Our whole team was in place this morning and we were able to meet after breakfast for prayer and discussion. Good news, the missing bag was found at the airport and is now back in our possession. It had a lot of medical and dental supplies in it so we are thankful.
A couple of brave souls, Mike Hunsader and Julia Dietz, decided to go have dentistry done. Phnom Penh is reportedly becoming a destination for affordable dental work at much less expense than in the U.S. They both returned feeling positive about their treatment.
The other major activity was meeting the children of PE5 at Central Market for shopping. It has been a traditional outing for many visits and the children really look forward to being able to look for a special item, bargain for the price, and come away with their item. Everyone gets to choose something they need or want, even the house parents and cooks. Common items are jeans, bags (purses), shirts, belts, shoes. Almost everything can be had for under $10.
Central Market is a large place, not airconditioned for the most part (of course) but covered. We encountered some rain on the way over, and the kids were slightly damp too. After an hour shopping we were all wet from one thing or another, mostly sweat. It never ceases to amaze me how the house parents can get all 20+ children transported to meet us, keep track of them all while they shop in this labyrinth of a marketplace and remain fairly calm and placid during it all. We help, of course, but the kids are so well behaved and actually keep track of themselves, and watch out for each other. They are easy to spend time with – often coming up for a hug or holding hands with us as we walk.
Just like in the United States, modern malls are competing for shoppers and as a result, the Sorya Mall near Central Market, where we usually have taken the kids for pizza, was being remodeled. It is just a short walk from the market and the kids have learned how to ride escalators and eat fast food there – not necessarily the best eating tradition but a real treat for the kids nonetheless. But today it was a mess.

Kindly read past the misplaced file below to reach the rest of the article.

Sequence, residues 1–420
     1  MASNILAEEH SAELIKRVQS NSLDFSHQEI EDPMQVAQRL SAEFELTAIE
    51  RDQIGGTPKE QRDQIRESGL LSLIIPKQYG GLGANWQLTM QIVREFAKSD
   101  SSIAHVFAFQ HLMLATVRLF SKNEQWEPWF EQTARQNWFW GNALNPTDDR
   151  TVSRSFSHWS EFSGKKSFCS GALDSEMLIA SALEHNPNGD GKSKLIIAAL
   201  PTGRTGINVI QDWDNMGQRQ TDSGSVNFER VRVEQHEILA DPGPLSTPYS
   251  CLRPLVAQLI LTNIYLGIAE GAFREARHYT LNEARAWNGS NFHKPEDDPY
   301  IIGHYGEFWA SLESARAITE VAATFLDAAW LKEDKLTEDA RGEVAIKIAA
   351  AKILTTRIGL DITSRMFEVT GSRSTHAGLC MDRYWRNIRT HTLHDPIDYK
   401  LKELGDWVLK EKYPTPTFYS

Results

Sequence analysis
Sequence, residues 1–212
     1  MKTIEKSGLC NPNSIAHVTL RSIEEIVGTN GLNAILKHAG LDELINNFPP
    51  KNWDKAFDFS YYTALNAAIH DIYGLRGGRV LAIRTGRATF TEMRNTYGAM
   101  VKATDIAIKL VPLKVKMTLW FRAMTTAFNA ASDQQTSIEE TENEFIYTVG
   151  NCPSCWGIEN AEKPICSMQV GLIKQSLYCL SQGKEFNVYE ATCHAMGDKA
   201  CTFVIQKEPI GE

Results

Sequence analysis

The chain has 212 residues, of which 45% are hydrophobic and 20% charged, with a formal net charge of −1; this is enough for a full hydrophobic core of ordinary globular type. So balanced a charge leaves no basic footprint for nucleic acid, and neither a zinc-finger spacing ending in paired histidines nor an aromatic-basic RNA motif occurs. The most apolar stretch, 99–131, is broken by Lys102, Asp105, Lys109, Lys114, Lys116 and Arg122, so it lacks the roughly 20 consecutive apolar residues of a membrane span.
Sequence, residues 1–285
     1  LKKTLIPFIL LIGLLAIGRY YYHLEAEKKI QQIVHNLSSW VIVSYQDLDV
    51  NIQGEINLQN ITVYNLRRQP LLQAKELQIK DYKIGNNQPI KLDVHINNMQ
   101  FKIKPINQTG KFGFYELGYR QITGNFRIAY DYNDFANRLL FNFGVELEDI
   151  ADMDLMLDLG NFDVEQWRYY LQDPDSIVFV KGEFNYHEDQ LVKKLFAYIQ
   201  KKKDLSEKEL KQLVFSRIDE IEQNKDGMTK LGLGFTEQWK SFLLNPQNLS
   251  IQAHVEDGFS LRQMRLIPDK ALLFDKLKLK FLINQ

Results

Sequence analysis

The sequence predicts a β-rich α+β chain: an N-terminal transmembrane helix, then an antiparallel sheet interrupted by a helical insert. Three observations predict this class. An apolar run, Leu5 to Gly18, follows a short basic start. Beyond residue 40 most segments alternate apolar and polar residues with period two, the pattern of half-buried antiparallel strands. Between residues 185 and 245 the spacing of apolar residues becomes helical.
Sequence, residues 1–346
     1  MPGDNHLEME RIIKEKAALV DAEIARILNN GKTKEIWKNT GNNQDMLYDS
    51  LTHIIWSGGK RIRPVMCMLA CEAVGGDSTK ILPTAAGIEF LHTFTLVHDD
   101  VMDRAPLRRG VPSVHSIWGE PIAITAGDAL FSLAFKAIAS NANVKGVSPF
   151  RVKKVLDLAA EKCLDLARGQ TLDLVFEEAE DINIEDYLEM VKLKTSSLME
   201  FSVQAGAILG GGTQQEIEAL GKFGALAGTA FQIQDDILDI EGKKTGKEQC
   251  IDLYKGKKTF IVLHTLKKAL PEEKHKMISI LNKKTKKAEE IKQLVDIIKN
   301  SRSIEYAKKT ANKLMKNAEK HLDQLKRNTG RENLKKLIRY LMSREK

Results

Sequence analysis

Most of the entrances were boarded off and construction on almost all of the six floors meant that the place was open to air and quite warm. The escalators were working however and we rode them to the top story to the Market Grill, which was still open for business. Business would have been nearly non-existent for them had we not come.
They were unprepared for our 30 orders all at once, even though we had warned them and checked the menu ahead. The next hour and a half was a comedy of sorts as they passed out drinks, French fries and chicken. They ended up with two meals that no one had ordered and a great deal of confusion. But a little confusion never seems to dampen anyone’s mood here, and we all got fed, eventually.
Another area of construction was the riverfront park where we usually had taken the kids to spend time walking and seeing the sights by the Imperial Palace. Our substitute for that activity was an amusement arcade on the 6th floor of the mall, close to the Market Grill. The kids love all the game machines and seem to know how to play them – or maybe they just catch on more quickly than I do. They each got a dollar’s worth of tokens to spend and managed to have fun for another hour trying to outwit the machines. It was a loud place since each game had its own loud music, bells and noises. I have to admit, I felt really old, with a bit of sensory overstimulation going on. I was glad when we called it a night and rode our tuk tuks back to the hotel.
Day 6 was nearly the same outing with different people and having done it the day before helped everything go a little smoother. The restaurant made a great effort to get us served more efficiently this go round, and the arcade was actually kind of fun.
I think I had a case of dehydration the night before that kept me from feeling my best. That is something we really have to watch out for since it is so hot everywhere we go. Even though I am from Florida with a climate similar to this, I realize how much time I spend in air-conditioned spaces. It is amazing to me that even with the heat, most people here do not dress to stay cool. A combination of modesty, and not wanting to be tanned, has them in long pants, long sleeved shirts much of the time, head coverings and jackets or wraps of some kind. I don’t know how they can do it.